“But, like immigration, we need to overcome the prejudicial ideas behind the policies. For years, anti-cannabis laws have been used as a means to incarcerate young men of color. This needs to stop. While the use rate is equally distributed among all populations, the incarceration rate among persons of color is significantly higher for victimless crimes.”
Next, I turned to the topic which is consuming most news stories these days: The Impeachment and trial of President Trump. I asked Campa-Najjar if, knowing what he knew now, would he have voted to impeach the President.
“I hold Senator Mitch McConnell to a high standard,” he explains. “We are all upset he is prejudging the outcome of the trial and refusing to look at all the evidence which is available to him to review. I believe any congress person who prejudices the outcome of the very somber and important responsibility of holding the Executive Branch accountable does an injustice to the process.
“Without having access to all the documents and evidence (both public records and the confidential information) and without being able to ask the questions I would want to ask, I would consider that the type of prejudging that I am criticizing Mitch McConnell of and I want to hold myself to the same high standard.
“I’m confident after reviewing all the public evidence, the classified evidence only seen by current members, and being able to question witnesses myself, I would do the right thing when it comes to this important decision and be able to look voters in the eye with my verdict, but I want to hold myself to the same standard I’m holding Senator McConnell and not prejudge the outcome before reviewing all the facts available to members.”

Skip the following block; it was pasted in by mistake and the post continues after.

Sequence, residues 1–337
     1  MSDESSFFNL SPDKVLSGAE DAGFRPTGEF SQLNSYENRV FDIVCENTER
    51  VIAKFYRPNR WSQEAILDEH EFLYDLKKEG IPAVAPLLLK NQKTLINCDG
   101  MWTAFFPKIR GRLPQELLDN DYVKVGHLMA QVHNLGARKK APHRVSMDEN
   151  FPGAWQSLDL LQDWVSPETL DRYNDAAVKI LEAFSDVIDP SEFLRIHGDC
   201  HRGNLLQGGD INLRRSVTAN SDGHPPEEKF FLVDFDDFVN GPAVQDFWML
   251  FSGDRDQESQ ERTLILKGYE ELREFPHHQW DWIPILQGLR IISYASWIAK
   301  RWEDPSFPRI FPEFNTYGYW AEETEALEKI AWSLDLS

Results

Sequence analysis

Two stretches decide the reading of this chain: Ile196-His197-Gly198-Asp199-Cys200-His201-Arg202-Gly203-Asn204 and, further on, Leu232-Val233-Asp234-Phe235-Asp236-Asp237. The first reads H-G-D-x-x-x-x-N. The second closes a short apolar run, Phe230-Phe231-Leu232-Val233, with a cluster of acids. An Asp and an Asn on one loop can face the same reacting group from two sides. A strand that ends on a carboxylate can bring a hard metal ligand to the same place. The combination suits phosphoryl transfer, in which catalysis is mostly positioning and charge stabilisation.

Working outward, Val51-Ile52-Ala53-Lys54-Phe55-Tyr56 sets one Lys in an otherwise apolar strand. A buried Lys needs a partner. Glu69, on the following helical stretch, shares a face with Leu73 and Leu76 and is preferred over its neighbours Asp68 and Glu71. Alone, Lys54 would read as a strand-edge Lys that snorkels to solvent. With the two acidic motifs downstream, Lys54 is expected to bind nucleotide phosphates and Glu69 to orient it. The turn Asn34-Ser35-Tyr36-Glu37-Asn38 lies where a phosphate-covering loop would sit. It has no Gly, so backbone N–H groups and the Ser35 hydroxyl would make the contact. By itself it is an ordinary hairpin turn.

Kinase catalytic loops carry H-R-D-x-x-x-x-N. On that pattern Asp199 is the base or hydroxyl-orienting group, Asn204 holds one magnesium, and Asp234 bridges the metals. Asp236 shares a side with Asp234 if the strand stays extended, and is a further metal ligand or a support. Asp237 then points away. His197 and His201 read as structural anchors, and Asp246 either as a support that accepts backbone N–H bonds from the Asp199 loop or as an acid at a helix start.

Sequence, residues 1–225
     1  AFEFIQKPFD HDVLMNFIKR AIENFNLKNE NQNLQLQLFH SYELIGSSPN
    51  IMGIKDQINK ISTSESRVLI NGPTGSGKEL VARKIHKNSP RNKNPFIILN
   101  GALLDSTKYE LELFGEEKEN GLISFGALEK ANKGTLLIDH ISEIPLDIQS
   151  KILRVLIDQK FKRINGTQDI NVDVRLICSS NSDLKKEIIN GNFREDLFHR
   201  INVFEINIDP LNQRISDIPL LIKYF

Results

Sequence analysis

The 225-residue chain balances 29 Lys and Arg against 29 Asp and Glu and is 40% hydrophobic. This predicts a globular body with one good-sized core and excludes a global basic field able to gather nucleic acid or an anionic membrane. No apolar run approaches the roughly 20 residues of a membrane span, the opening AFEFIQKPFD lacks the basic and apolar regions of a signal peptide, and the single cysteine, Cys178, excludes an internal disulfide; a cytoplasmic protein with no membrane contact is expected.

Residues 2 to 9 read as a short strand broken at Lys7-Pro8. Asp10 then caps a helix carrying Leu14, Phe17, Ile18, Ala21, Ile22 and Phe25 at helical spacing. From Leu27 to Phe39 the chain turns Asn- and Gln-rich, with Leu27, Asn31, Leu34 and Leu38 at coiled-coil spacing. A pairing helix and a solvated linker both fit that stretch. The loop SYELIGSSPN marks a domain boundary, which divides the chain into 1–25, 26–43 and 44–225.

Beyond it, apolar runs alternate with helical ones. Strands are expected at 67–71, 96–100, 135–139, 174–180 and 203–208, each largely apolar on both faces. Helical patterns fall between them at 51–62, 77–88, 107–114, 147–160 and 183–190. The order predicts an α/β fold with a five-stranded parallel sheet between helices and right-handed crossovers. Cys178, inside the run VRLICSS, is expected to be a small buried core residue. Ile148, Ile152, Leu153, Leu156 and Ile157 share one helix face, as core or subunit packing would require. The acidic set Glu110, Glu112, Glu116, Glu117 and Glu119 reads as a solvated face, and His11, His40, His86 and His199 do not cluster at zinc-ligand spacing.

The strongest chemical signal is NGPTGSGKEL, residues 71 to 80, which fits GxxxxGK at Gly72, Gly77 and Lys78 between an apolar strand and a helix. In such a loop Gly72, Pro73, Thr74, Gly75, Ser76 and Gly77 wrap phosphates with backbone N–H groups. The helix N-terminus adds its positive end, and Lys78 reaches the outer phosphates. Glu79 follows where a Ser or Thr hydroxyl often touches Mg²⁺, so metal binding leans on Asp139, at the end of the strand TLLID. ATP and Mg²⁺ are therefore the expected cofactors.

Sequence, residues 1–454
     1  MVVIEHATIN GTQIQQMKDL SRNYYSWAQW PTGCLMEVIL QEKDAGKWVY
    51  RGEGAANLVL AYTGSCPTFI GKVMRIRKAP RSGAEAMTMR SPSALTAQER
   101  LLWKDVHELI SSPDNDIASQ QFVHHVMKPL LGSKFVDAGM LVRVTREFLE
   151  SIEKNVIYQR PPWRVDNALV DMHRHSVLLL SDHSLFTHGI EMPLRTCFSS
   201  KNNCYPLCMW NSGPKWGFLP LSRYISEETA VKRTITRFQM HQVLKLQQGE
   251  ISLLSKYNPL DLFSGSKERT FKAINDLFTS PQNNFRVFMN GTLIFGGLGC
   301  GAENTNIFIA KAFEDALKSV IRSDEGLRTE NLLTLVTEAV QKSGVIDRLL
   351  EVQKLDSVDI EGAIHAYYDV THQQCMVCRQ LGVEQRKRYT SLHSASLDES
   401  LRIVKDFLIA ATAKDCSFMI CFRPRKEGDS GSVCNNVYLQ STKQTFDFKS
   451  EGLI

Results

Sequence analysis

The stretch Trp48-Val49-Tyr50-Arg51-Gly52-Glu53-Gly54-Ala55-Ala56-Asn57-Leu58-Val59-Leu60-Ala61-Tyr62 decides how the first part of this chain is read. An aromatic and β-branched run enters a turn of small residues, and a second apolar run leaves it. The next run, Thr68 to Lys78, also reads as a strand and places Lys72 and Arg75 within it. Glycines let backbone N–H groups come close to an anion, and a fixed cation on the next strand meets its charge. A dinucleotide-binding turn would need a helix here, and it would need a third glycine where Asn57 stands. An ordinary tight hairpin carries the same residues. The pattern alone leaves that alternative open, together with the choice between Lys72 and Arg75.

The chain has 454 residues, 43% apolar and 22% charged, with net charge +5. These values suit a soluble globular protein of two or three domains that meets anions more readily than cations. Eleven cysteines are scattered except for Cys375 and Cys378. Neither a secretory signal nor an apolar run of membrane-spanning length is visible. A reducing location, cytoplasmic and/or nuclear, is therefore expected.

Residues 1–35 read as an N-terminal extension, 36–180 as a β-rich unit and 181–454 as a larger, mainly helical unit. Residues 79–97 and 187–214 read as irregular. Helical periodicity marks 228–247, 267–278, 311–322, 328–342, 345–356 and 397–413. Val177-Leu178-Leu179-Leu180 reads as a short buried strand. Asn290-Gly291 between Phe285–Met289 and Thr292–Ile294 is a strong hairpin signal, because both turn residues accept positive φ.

At the end of our time together, the final question I asked Campa-Najjar is what is left to say and what he would like to say to those who are reading this article.
“There are 13 days (at the time of the interview) until the ballots drop in people’s mailboxes. I am confident in my position in the race and in my ability to win this race,” he says. “It is interesting, the last day for the district to avoid a special election was January 13 and it is no coincidence that Hunter decided to resign on that day. I would have won the special election with at least 50% plus one, and the Republicans knew that.
“I will win in the primary and I am confident I will win in November. When I do, the district will have a representative from the district and who will be able to actually vote in this race and for those issue which affect the district. I will work hard to represent my bosses, the voters of the district. I ask that you take a chance on me; in two years, we’ll check in and see if you still want me to represent you.
“I may represent your values but not your views and that’s ok. You don’t find 100% agreement in campaigns, you find that in cults. I’ve been working for three years now, for a two-year term. I haven’t given up; I’m the only candidate from the last election still involved now. If that’s not dedication, I don’t know what is.”
The Race to November
In a poll done by SurveyUSA released on January 13 by the San Diego Union Tribune, Campa-Najjar leads the district race with 26% of the vote. In November of 2018, Campa-Najjar narrowly lost to Hunter Jr. While there is no possibility of an outright victory in this race in March – top two vote getters go to the General Election in November – it is almost guaranteed he will advance through the primary. To win the election, he will need to continue to draw voters from all parties, including independents, something which his philosophy is helping him to do.
Alianza North County is proud to endorse Ammar Campa-Najjar for the 50th Congressional District and we look forward to watching him champion the causes of the district in Washington, D.C.